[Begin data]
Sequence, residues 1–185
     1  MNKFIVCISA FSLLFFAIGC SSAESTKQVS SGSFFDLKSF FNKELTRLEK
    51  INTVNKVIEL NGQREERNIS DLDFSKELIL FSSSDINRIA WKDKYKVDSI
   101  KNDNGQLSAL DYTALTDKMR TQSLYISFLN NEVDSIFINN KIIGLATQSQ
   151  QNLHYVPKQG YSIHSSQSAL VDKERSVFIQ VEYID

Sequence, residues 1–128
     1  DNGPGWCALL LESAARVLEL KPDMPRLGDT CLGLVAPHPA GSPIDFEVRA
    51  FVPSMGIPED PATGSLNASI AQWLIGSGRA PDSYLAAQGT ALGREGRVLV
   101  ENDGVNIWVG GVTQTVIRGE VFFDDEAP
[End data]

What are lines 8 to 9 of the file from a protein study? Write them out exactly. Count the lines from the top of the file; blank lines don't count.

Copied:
    51  FVPSMGIPED PATGSLNASI AQWLIGSGRA PDSYLAAQGT ALGREGRVLV
   101  ENDGVNIWVG GVTQTVIRGE VFFDDEAP